4.8
May 23, 2013

Balancing Life as a Yogi Mom. ~ Jessa Baxter Voos

The day starts with the best intentions: “I will absolutely get a yoga practice in today. This is happening, no matter what.” But as a mom, so many other things seem to end up taking priority over yoga. And before you know it, the day is done and no practice. This has happened to me and other mothers out there countless times.

I love being a mother. It has been one of the most rewarding, fulfilling things that has ever happened to me. It has changed my life…and my yoga practice. Adjusting to life as a yogi mom has not been easy, coupled with transitioning from Los Angeles, where there were studios and practices everywhere I turned, to the college town in Kansas with no studio to speak of. It was a drastic change, and it’s been a long road, but now—with some adjustment in my approach and ideas of what my yoga practice “should be”—I have finally learned how to carve out time for a yoga practice in my daily life.

As moms, we tend to make sure that everyone else’s needs are met before our own. And our needs often fall by the wayside. It’s important that we take, or make, the time to give back to ourselves—or, as my husband says, “Charge your battery.” I know that I’m a better mom, wife, friend, business owner, teacher, and yogi when I get my yoga practice in.

Here are some tips for making yoga happen in your busy life:

1. Switch your perspective.

We talk a lot in yoga about changing our perspective, and I think that idea absolutely applies to this situation. What used to be the ideal situation for your yoga practice might have to be altered slightly. Instead of being upset that you only got 15 minutes of practice in today, be thankful that you got at least 15 minutes of practice in today.

Maybe you don’t have time to go to a 90-minute yoga class every single day with our favorite yoga instructor, but instead of letting that affect you negatively or keep you from any kind of practice, just switch your perspective. Sneak in a practice at home on the days it doesn’t work out, and really appreciate the days where it does. If you are not sure what to do in a home practice, there are really amazing online options that can guide you through a practice in your living room.

2. Be fluid.

No, not in your yoga practice, but in your plans for your yoga practice. Even if you have your kids on a very strict routine, things don’t always go as planned. You might have started the day thinking your yoga practice would occur when the kids go down for their naps, but perhaps the stars did not align, and one child’s tooth is coming in and keeping them up. Instead of throwing your practice out the window for the day, adjust your schedule. Find another time where you might be able to squeeze in even 15 minutes of practice. It’s a good lesson in non-attachment.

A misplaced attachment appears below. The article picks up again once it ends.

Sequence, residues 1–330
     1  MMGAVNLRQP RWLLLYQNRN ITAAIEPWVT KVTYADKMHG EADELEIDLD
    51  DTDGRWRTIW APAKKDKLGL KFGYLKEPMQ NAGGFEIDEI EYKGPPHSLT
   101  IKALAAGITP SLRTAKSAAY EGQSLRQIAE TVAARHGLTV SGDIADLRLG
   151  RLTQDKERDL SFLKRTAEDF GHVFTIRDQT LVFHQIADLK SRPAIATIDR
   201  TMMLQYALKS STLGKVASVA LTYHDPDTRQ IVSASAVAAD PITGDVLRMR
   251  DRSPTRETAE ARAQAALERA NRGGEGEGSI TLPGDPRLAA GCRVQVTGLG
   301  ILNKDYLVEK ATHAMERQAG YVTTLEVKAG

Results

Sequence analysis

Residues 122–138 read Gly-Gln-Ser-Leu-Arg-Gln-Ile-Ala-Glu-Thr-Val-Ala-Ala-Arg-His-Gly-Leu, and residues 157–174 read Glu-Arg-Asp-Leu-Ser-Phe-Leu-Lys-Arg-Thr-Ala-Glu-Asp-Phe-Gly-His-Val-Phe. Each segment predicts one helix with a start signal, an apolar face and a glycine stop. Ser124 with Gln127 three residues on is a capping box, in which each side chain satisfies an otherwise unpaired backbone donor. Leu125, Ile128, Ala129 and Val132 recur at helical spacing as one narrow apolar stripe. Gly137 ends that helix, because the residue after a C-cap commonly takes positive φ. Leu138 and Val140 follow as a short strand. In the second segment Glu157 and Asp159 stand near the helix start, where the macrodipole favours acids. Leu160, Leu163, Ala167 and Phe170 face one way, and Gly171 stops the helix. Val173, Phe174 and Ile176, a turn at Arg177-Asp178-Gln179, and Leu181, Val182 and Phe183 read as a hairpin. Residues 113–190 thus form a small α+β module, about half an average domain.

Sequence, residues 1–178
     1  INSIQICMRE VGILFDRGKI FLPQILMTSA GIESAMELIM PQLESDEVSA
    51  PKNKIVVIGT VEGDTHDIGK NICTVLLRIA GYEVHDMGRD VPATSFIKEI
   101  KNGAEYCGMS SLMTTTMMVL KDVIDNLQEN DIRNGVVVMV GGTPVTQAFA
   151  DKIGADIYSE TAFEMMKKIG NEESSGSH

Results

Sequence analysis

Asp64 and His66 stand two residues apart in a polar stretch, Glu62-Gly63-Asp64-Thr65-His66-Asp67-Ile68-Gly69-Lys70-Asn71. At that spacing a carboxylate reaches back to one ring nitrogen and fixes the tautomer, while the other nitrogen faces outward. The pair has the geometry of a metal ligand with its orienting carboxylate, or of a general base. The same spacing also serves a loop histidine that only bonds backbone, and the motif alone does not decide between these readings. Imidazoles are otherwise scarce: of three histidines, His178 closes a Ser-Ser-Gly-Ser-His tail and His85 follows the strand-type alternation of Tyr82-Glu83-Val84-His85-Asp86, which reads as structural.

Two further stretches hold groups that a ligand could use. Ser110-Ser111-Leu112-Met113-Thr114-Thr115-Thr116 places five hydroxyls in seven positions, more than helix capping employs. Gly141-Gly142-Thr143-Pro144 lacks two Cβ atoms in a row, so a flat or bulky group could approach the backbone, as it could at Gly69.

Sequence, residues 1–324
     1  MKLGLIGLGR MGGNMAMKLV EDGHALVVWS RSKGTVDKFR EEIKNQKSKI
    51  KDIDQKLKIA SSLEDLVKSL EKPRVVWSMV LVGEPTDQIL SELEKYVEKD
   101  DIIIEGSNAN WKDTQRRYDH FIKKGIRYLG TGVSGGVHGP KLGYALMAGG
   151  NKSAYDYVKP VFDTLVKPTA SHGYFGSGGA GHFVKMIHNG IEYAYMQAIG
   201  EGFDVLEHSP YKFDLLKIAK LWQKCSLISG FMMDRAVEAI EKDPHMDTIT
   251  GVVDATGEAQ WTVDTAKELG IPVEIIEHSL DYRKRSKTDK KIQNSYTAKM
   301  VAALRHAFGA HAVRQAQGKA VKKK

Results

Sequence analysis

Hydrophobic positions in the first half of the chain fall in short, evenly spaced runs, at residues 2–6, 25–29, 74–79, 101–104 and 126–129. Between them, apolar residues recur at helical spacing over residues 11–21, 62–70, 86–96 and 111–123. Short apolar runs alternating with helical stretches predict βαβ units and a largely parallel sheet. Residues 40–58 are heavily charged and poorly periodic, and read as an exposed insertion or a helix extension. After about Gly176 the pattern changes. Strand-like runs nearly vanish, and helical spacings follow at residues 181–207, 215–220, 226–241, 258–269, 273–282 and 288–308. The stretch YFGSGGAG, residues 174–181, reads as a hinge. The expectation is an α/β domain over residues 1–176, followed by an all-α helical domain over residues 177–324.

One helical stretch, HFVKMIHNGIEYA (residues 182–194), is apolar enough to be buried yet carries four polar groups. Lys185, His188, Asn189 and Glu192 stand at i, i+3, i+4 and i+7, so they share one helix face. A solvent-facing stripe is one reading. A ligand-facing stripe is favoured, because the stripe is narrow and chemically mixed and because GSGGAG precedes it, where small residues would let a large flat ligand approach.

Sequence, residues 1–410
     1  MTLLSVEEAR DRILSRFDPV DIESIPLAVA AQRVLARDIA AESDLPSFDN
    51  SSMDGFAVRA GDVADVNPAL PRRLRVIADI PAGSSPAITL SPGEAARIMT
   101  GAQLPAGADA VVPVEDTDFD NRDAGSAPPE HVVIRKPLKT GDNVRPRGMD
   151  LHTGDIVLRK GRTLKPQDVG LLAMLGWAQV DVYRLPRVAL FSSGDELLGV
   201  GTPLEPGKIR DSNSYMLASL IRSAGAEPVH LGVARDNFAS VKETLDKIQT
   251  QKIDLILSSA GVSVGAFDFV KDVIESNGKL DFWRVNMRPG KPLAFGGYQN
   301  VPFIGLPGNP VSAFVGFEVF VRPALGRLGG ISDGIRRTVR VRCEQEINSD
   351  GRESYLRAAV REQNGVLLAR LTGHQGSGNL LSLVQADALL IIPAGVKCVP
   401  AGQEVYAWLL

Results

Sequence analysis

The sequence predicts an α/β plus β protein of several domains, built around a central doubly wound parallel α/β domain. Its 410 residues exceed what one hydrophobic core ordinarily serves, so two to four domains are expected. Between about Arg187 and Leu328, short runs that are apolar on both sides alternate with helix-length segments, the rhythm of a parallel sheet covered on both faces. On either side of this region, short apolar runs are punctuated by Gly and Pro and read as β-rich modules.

3. Let go of the guilt.

Easier said than done, I realize. I know as moms we view taking time for ourselves as selfish or needy, but it’s okay to step away and do something good for yourself. In fact, it’s healthy. Ultimately you are doing something that is going to make you feel better and be a better mom. There can be a lot of stress in playing the mom gig: juggling schedules, dinners, homework, paying bills, making sure everyone is happy. But being grounded in your own  regular yoga practice can relieve a lot of that stress. So let go of the guilt, and realize that everyone in the family is better off when mama gets her yoga.

4. Ask for help.

Again, this is a hard thing to do. Find someone you trust—a grandparent, a good friend, a reliable babysitter—and ask them for help. Perhaps find another yogi mother, and take turns watching the kids and going to yoga. I guarantee that there are other moms out there wishing they could set up this awesome arrangement. Ask.

5. Tired is a tired excuse.

I was the queen of the tired excuse. And a lot of times it wasn’t an excuse; I was legitimately exhausted from lack of sleep at night and going non-stop during the day with two kids. When you are tired, the thought of doing an entire practice is way too much to consider. Start small, and—if it feels good—do a little more. I would start by telling myself I was just going to do five Sun Salutations. And, usually by the third one, I would feel better and stay on my mat a little longer. It’s amazing how a little bit of practice revived me and actually made me feel less tired.

6. Practice yoga off the mat.

Perhaps you’ve had one of those days where getting on your mat is absolutely not going to happen. In that case, practice your yoga while you brush your teeth, fix dinner, or drive to pick the kids up from school. Take a few deep breaths, find a mantra to focus on and make a mini meditation happen. Yoga doesn’t always have to be the physical practice of yoga.

7. Have fun with the kiddos!

In a perfect world, yoga is a place where you get to totally disconnect, a place of peace, a place to step away from the craziness of family life. When that doesn’t work out, have fun and do yoga with your kids in the chaos of life. They will LOVE it. Even if they have no idea what is going on, they will love it. And they are learning awesome habits from you in the process. Everyone wins.

Jessa Baxter Voos began her yoga journey in 2003 after her first marathon, hoping to ease the strain on her body from running. She immediately fell in love with the physical, mental and spiritual benefits of yoga. Jessa taught yoga in Los Angeles before she moved to Manhattan, Kansas, to start a family. In Kansas, she opened a small studio called Orange Sky Yoga. Her classes build strength while keeping the ego humble and adding a touch of clarity, quiet and peace to her students’ busy lives.

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Assistant Ed: Dejah Beauchamp/Ed: Kate Bartolotta

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